When it comes to defending against ransomware attacks, prevention is the best possible tool. Here are some tips for preventing ransomware from making its way onto your networks and to help keep your sensitive data secure.
- Patching – Patching is one of the best ways to prevent a myriad of threats from infiltrating your network, ransomware included. Attackers use unmitigated flaws and vulnerabilities to launch attacks, as amply demonstrated by 2017’s WannaCry. A proper patch management strategy ensures that any vulnerability is mitigated as soon as a fix is released.
- Spear Phishing Protection – According to Security firm Cofense, 97% of phishing emails contain a ransomware payload. And whereas it used to be simple to discern phishing emails from legitimate ones, the sophistication of today’s perfectly crafted spear phishing attacks make it easy to go in for the kill. This means it’s critically important to employ an anti-phishing solution along with phishing awareness training.
- Secure your Remote Desktop Protocol (RDP) – While RDP lets admins in to remotely help end users, it needs to be locked down in order to prevent breaches. A few security best practices include port obfuscation, two-factor authentication and use of a secure gateway. Click here for more tips on securing remote desktop connections against ransomware and malware.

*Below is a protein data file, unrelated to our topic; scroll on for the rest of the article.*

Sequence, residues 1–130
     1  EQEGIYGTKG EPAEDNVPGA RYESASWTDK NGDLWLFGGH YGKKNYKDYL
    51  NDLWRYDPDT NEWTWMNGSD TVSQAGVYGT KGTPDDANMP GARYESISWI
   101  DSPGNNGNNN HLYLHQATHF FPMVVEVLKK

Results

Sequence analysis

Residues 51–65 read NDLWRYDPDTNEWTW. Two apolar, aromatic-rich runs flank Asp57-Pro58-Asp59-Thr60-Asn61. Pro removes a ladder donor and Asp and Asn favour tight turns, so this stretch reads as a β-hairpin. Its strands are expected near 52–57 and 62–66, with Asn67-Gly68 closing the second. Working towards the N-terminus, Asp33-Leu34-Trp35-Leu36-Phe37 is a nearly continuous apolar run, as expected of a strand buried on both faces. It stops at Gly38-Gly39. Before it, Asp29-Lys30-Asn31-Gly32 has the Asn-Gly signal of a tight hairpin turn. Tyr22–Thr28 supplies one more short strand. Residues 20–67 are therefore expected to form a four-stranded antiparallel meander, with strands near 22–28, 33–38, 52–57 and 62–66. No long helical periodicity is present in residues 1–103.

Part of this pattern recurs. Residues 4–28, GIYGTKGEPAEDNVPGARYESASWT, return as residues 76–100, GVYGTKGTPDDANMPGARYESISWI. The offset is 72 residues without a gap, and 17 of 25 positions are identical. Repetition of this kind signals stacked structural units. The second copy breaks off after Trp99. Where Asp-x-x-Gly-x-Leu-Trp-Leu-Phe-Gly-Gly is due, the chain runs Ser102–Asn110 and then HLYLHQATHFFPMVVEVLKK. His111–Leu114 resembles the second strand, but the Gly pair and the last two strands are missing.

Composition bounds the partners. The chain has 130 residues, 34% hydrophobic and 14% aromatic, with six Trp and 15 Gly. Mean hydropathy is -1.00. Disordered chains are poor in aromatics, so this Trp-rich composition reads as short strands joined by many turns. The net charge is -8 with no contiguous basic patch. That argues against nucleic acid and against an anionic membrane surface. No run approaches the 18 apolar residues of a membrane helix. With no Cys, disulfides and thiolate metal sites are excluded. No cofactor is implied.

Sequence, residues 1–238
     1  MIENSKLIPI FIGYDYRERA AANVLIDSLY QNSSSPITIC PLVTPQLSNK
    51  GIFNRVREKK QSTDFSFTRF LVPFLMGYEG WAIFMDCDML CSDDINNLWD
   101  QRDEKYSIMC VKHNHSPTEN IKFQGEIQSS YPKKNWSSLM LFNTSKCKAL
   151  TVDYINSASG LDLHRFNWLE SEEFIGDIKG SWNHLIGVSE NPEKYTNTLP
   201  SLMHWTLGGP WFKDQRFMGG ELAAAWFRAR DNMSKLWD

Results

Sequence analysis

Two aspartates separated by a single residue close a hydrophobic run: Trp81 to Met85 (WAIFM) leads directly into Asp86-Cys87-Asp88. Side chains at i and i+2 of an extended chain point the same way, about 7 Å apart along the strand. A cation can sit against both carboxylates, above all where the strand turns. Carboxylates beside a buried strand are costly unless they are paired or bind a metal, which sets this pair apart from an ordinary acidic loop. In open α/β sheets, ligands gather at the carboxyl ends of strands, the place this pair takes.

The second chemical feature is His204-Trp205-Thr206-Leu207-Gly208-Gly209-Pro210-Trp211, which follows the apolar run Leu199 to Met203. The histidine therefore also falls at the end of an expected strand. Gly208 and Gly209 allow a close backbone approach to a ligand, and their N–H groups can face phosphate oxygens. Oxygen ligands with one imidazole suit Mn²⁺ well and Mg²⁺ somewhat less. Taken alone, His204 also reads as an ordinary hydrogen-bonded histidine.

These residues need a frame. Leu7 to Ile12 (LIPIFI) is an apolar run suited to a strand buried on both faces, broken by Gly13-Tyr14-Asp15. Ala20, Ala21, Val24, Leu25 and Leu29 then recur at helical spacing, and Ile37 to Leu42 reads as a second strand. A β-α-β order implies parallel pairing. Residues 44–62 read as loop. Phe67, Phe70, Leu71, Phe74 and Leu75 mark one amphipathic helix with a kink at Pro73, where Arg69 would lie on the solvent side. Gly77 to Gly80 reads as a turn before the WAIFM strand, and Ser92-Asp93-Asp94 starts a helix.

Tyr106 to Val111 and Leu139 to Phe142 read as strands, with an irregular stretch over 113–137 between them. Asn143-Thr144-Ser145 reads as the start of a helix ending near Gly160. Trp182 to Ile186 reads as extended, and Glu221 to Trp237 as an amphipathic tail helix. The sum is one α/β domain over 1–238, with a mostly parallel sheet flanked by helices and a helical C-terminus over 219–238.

- Remote Browser Isolation plus CDR – With RBI, all content, whether clean or malicious, is rendered outside the network, so even if your users open a website containing ransomware, it cannot get onto your endpoints. Make sure your RBI solution includes Content Disarm and Reconstruct capabilities to safeguard against malware penetration via infected downloads.
- Invest in a backup solution – Be sure to have reliable off-site or cloud-based storage. This ensures that if something does make its way through, you can restore most of your data to its previous state.
The main thing attackers look for when targeting ransomware attacks is a vulnerable network. And sadly, once an attack is on your system, there’s little that can be done to reverse the effects. Our advice? Make sure you’re not an attractive target by proactively hardening your environment. Not only will it help you fend off ransomware, but it will help enhance your overall cyber hygiene – and that’s seriously high-value.
To find out more about why governments are attractive targets for cyberattacks, and how to avoid becoming the next victim, read “To Halt Public Sector Cyberattacks, in Internet Isolation We Trust”